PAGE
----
(1) the two implications from Theorem 7.1 (1) become, for all x, y [member of] [G.sup.-]:

[mathematical expression not reproducible].

(1') the two implications from Theorem 7.1 (1') become, for all x, y [member of] [G.sup.+]:

[mathematical expression not reproducible].

Lemma 7.4. Let (G, [disjunction], [conjunction], [right arrow], [??], 0) be an l-implicative-group. Let u' < 0 and u > 0 from G. Then,

(1) the interval [u', 0] = {x [member of] [G.sup.-] | u' [less than or equal to] x [less than or equal to] 0} [subset] [G.sup.-] is closed under [[right arrow].sup.L] and [[??].sup.L] in [G.sup.L] from Theorem 7.1 (1),

(1') the interval [0, u] [subset] [G.sup.+] is closed under [[right arrow].sup.R] and [[??] sup.R] in [G.sup.R] from Theorem 7.1 (1').

Proof. (1): Let u' [member of] [G.sup.-] and let u' [less than or equal to] x, y [less than or equal to] 0. By the properties of the left-pseudo-BCK algebra [G.sup.L], we have u' [less than or equal to] y [less than or equal to] x [[right arrow].sup.L] y = (x [right arrow] y) [conjunction] 0 [less than or equal to] 0 and u' [less than or equal to] y [less than or equal to] x [[??].sup.L] y = (x [??] y) [conjunction] 0 [less than or equal to] 0. Hence, u' [less than or equal to] x [[right arrow].sup.L] y [less than or equal to] 0 and u' [less than or equal to] x [[??].sup.L] y [less than or equal to] 0.

(1'): Let u [member of] [G.sup.+] and let 0 [less than or equal to] x, y [less than or equal to] u. By the properties of the right-pseudo-BCK algebra [G.sup.R], we have u [greater than or equal to] y [greater than or equal to] x [[right arrow].sup.R] y = (x [right arrow] y) [disjunction] 0 [greater than or equal to] 0 and u [greater than or equal to] y [greater than or equal to] x [[??] sup.R] y = (x [??] y) [disjunction] 0 [greater than or equal to] 0. Hence, u [greater than or equal to] x [[right arrow].sup.R] y [greater than or equal to] 0 and u [greater than or equal to] x [[??] sup.R] y [greater than or equal to] 0.

Let us "bound" the algebras [G.sup.L] and [G.sup.R] from Theorem 7.1 in two different ways: first, with an "internal" element, then, with an "external" element. We obtain the equivalent of known results, by Theorem 7.1, Remark 7.2 and Lemma 7.4:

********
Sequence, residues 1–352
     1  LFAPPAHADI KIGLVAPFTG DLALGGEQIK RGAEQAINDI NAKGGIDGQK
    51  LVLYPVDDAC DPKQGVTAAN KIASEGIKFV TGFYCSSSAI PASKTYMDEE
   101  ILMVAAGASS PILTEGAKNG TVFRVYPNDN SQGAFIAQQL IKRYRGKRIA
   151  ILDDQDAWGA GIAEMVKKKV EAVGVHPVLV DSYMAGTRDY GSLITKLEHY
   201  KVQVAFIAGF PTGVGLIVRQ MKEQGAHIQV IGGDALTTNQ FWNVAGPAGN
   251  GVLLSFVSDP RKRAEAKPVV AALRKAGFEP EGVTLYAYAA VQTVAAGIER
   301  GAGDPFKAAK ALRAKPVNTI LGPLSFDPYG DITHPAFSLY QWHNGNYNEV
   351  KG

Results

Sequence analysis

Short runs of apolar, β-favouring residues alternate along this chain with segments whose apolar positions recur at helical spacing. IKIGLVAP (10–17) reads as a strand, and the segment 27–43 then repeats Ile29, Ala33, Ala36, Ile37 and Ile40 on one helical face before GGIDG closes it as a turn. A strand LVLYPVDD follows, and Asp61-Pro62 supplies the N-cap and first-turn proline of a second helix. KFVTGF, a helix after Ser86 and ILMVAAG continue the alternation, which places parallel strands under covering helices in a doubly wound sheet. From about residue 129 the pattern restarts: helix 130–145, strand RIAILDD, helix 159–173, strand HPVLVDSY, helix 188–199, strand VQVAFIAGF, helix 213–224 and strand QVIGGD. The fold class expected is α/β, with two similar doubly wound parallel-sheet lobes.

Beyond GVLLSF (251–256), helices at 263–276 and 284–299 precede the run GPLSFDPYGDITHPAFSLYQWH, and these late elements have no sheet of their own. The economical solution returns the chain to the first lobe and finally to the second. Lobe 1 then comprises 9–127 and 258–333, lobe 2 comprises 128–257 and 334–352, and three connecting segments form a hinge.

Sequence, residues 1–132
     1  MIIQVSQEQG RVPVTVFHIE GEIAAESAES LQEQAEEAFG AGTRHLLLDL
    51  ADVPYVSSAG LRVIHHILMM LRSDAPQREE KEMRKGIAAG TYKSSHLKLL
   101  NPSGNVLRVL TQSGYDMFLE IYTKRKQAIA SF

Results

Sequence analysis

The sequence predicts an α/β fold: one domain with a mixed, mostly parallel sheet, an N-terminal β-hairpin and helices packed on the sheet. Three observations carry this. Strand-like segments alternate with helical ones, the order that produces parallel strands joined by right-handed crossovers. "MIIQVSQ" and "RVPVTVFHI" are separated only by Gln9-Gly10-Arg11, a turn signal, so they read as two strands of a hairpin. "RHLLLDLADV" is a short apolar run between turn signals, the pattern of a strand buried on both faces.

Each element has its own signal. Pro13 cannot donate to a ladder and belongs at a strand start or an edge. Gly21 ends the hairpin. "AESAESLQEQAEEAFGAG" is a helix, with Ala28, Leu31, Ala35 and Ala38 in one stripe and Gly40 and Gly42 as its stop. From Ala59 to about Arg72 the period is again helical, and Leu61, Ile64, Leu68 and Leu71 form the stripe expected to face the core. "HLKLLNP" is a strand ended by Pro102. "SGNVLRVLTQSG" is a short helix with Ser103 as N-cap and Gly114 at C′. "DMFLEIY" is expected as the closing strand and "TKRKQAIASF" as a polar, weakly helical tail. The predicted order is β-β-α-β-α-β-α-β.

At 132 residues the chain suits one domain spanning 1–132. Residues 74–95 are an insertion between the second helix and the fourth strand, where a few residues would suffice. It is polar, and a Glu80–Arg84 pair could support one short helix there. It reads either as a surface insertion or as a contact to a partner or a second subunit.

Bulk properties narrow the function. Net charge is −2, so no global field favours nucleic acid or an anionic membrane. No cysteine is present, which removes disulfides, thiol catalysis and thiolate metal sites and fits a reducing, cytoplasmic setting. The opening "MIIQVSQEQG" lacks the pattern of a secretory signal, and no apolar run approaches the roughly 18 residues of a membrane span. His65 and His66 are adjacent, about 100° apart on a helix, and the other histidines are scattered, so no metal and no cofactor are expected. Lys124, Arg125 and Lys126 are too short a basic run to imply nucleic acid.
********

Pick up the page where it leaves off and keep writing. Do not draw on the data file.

Corollary 7.5.

* (i) Let [G.sup.L] = ([G.sup.-], [conjunction], [disjunction], [[right arrow].sup.L], [[??].sup.L], 1 = 0) from, Theorem, 7.1 (1). Let us "bound" this algebra in two different ways:

1) Let us take u' < 0 from [G.sup.-] and consider the interval [u', 0]. Then the algebra

[mathematical expression not reproducible]

is a bounded left-pBCK(pP) lattice (with the pseudo-product [mathematical expression not reproducible] with property ([pC.sup.L]), i.e. is an equivalent definition of the left-pseudo-Wajsberg algebra (see [24] and [34], [11] for the commutative case)

[mathematical expression not reproducible].

2) Let us consider a symbol -[infinity] distinct from, the elements of G. Define [mathematical expression not reproducible] and extend the operations [mathematical expression not reproducible] as follows:

[mathematical expression not reproducible].

We extend the lattice order relation [less than or equal to] as follows: we put -[infinity] [less than or equal to] x, for any [mathematical expression not reproducible]. Then, the algebra

[mathematical expression not reproducible]

is a left-pseudo-Hajek(pP) algebra (with the pseudo-product [[??].sub.2]) verifying properties ([pP1.sup.L]) and ([pP2.sup.L]) (see [24]).

* (i') Let [G.sup.R] = ([G.sup.+], [disjunction], [conjunction], [[right arrow].sup.R], [[??] sup.R], 0 = 0) from Theorem 7.1 (1'). Let us "bound" this algebra in two different ways:

1') Let us take u > 0 from [G.sup.+] and consider the interval [0, u] = {x [member of] [G.sup.+] | 0 [less than or equal to] x [less than or equal to] u}. Then the algebra

[mathematical expression not reproducible]

is a bounded right-pBCK(pS) lattice (with the pseudo-sum [mathematical expression not reproducible] with property ([pC.sup.R]), i.e. is an equivalent definition of the right-pseudo-Wajsberg algebra

[mathematical expression not reproducible].

2') Let us consider a symbol +[infinity] distinct from the elements of G. Define [mathematical expression not reproducible] and extend the operations [mathematical expression not reproducible] as follows:

[mathematical expression not reproducible].

We extend the lattice order relation [greater than or equal to] as follows: we put + [infinity] [greater than or equal to] x, for any x [member of] [G.sup.+.sub.+[infinity]].

Then, the algebra

[mathematical expression not reproducible]

is a right-pseudo-Hajek(pS) algebra (with the pseudo-sum [[direct sum].sub.2]) verifying the dual properties (pP[1.sup.R]) and (pP[2.sup.R]).

Acknowledgement. All my gratitude to Sergiu Rudeanu and Paul Flondor for their valuable and useful remarks and suggestions that helped me to improve the presentation. I am specially grateful to George Georgescu for his encouragements in doing this research.

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Afrodita Iorgulescu

Academy of Economic Studies, Bucharest, Romania

E-mail: afrodita.iorgulescu@ase.ro